In terms of social license, thermal EfW project proponents in South Australia must develop dedicated communications strategies and engage in respectful and “genuine dialogue” with local communities. Moreover, facilities must continuously monitor air emissions for key particulates and chemical compounds, with the resulting data made publicly available in real time. Again, this is consistent with international best practice.

Queensland’s Energy from Waste Policy

The Queensland Government’s Energy from Waste Policy released in June 2020 is a comprehensive policy, covering biological, chemical, mechanical and thermal EfW technologies. Similar to South Australia’s position statement, the policy fits within the zero waste vision of Queensland’s Waste Management and Resource Recovery Strategy. Notably, it does not incentivise EfW, but rather aims to provide industry certainty while ensuring new facilities are in Queenslanders’ best interests.

Queensland’s EfW policy also borrows from European benchmarks and refers to the waste management hierarchy in determining that only residual materials can be used for energy recovery. Residual waste is defined as materials that are not technically, environmentally and economically practical (TEEP) for reuse or recycling. Waste considered ‘TEEP’, will adapt over time alongside changing material streams, and as Queensland seeks to minimise ‘waste’.

As well as proving that proposed facilities will meet or exceed the R1 energy efficiency threshold of 0.65, EfW proponents in Queensland must demonstrate genuine and proactive community engagement when lodging an application.

Western Australia’s Position statement on waste to energy: Getting our WasteSorted

In September 2020, the Government of Western Australia’s Waste Authority released revised guidance on EfW. The new Position statement on waste to energy: Getting our WasteSorted follows Western Australia’s 2019 Waste avoidance and resource recovery strategy 2030, and replaces the Waste to Energy Position Statement (Thermal Treatment) 2013.

The Waste Authority’s new position statement references circular economy principles and European EfW standards, including the R1 Indicator for energy efficiency. It recognises the importance of community engagement and social license to operate with regards to new EfW proposals. This latest guidance also recommends continuous monitoring of emissions wherever possible and requires that EfW plants process only residual materials from 2020 onwards. The definition of “genuinely residual” waste is variable and depends on the local availability of material recovery and recycling options, as these vary between different regions of Western Australia.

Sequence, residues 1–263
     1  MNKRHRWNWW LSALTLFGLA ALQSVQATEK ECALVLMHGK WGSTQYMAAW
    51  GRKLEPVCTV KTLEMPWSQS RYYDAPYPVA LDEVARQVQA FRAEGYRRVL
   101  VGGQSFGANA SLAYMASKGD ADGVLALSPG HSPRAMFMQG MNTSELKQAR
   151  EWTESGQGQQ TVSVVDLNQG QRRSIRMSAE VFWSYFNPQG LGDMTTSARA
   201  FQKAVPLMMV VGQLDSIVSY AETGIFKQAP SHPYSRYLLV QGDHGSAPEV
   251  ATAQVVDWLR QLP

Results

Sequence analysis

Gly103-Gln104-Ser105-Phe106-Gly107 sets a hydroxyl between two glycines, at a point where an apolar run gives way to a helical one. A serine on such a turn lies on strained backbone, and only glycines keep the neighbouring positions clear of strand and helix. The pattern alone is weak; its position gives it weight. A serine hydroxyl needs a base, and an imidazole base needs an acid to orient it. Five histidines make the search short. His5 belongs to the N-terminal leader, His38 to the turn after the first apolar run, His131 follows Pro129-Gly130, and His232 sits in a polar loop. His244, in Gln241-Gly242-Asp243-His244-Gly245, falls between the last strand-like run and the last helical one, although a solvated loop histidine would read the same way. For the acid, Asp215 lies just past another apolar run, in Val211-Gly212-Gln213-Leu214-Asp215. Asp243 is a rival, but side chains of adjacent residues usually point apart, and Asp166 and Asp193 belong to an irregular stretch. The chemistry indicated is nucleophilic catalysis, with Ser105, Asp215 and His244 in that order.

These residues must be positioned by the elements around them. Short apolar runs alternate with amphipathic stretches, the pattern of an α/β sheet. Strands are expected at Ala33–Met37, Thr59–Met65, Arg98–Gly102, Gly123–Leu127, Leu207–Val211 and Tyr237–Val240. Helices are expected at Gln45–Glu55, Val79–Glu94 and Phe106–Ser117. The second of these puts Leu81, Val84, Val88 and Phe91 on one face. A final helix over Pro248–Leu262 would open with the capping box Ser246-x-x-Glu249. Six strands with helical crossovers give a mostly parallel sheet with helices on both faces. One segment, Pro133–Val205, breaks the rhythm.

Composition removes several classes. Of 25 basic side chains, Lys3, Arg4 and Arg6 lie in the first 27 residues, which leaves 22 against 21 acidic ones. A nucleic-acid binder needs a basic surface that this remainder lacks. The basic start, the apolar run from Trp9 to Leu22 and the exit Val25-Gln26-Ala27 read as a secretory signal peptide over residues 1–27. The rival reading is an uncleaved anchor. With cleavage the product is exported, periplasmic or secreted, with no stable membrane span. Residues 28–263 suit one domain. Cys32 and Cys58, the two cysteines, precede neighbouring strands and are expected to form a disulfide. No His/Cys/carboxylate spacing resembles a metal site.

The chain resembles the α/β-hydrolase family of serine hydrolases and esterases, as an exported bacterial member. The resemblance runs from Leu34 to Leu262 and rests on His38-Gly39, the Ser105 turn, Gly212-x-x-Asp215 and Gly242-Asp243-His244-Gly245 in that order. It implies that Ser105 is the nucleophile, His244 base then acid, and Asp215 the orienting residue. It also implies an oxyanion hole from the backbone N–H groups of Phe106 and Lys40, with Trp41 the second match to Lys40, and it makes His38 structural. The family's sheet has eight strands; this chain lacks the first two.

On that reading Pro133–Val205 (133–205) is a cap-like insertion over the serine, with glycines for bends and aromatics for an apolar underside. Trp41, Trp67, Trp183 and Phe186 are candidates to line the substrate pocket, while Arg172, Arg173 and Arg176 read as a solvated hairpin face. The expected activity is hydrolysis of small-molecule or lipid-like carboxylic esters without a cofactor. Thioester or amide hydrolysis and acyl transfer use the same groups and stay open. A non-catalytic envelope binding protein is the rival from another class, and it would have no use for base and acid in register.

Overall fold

Western Australia’s EfW framework has been the most enabling for project developers to date, with two (2) large-scale thermal combustion projects currently under construction near Perth. Avertas Energy in Kwinana and the East Rockingham Waste to Energy Facility will together process 700,000 tonnes of residual materials annually. Both projects are working with Blue Phoenix Group, a company that develops technologies for processing incinerator bottom ash (IBA) in order for this by-product to be repurposed. IBA has been applied overseas to diverse applications, including construction material in roads, buildings and even electronics. Such innovations are key in unlocking the full potential of thermal EfW to support more sustainable and efficient WARR practices.

Recycling Victoria: A new economy and the draft Waste to energy framework

The overarching policy for thermal EfW in Victoria is outlined by the Department of Environment, Land, Water and Planning’s (DELWP) Recycling Victoria: A new economy, the state’s ten (10)-year policy and action plan for waste and recycling published in February 2020. DELWP also recently released its draft Waste to energy framework, which operationalises the EfW section of this overarching policy.